Solution: You need to clean your coffee maker regularly. This will ensure that your coffee will taste fresh all the time.
How often should you clean a coffee maker?
The quick answer to this question is clean it after every use. It’s no rocket science. It’s a standard process in every kitchen equipment. Clean every equipment after every use to ensure maximum usage.
However, manufacturers suggest that there are two types of cleaning needed to extend the life of your coffee maker.
This means that you need to clean your coffee maker regularly, as soon as you use it. Coffee can easily stain the carafe and the hot plate. Also, if your coffee maker has a filter basket, keeping the used coffee grounds for too long can cause deep seated stain. Here are simple ways to help you clean the coffee maker as quickly as possible:
- Wash the carafe and the coffee filter after every use.
- Always follow manufacturers’ instruction whether parts are dishwasher safe or hand wash only.
- Always check parts of your coffee maker.
- If you keep coffee maker inside a cupboard, always make sure that all parts are dry to avoid any mold and mildew build up.
- Regular cleaning of coffee maker will only take you about 5 to 10 minutes.
This means putting your coffee maker in a deep cleaning process, which can involve special ingredients and processes. Deep cleaning could take as long as 30 to 45 minutes.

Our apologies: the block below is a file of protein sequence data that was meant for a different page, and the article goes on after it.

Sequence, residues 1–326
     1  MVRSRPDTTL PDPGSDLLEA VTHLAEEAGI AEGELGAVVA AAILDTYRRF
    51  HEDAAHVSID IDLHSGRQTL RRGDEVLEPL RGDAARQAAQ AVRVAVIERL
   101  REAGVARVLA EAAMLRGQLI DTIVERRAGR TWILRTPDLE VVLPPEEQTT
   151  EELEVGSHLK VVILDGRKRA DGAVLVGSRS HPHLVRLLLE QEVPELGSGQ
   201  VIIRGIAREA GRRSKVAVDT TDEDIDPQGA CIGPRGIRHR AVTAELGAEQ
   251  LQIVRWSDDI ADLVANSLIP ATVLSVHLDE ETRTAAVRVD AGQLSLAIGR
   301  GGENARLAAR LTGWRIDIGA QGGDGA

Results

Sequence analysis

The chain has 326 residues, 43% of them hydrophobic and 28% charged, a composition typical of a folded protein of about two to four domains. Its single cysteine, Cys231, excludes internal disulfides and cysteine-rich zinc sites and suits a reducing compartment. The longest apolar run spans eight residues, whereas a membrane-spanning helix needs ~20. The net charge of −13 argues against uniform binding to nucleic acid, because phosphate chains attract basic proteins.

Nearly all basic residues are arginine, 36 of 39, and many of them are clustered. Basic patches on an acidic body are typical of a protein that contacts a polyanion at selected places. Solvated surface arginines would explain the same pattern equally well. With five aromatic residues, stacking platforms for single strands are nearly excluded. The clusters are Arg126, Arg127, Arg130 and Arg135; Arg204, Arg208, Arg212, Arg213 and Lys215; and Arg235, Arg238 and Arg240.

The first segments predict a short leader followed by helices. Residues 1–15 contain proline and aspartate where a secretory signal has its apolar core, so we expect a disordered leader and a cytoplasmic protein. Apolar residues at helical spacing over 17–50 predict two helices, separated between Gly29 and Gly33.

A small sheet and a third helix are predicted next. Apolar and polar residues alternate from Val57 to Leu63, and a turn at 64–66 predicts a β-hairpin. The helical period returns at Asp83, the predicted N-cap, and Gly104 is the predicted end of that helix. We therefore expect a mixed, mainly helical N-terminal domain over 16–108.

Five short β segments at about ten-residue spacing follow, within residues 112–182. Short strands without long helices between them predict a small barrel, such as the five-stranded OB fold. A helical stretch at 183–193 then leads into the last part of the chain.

When deep cleaning the coffee maker, you can use any of the following natural home ingredients: vinegar, salt, baking soda and denture tablets.
- Vinegar and salt – Mix water, vinegar and add some salt. Salt is a natural antibacterial. By adding salt, it will help you disinfect the coffee maker especially if mold and mildew had grown in the tube the carries the water from the chamber to the filter.
- Baking soda – You can also use baking soda when cleaning your coffee maker. The process is similar to using vinegar. Mix baking soda with lukewarm water. Always use lukewarm water to completely dissolve the baking soda. Pour the baking soda solution inside the water chamber. Press the brew button and run a full brewing cycle. Throw away the water. To wash the coffee maker, fill the water chamber with full brewing cycle. Run a full brew. Often, it will take two full brewing cycle to completely wash off the baking soda solution.
- Denture tablets – Fill the carafe with water. Dissolve 1 or 2 denture tablets. You can use even over-the-counter, generic denture tablets. Pour the denture tablet solution in the water chamber. Run a full brewing cycle. Discard the used water. Fill the water chamber again and run a full brewing cycle to wash off any remaining solution. It often takes just one full clean up brewing cycle to clear up the denture tablet solution.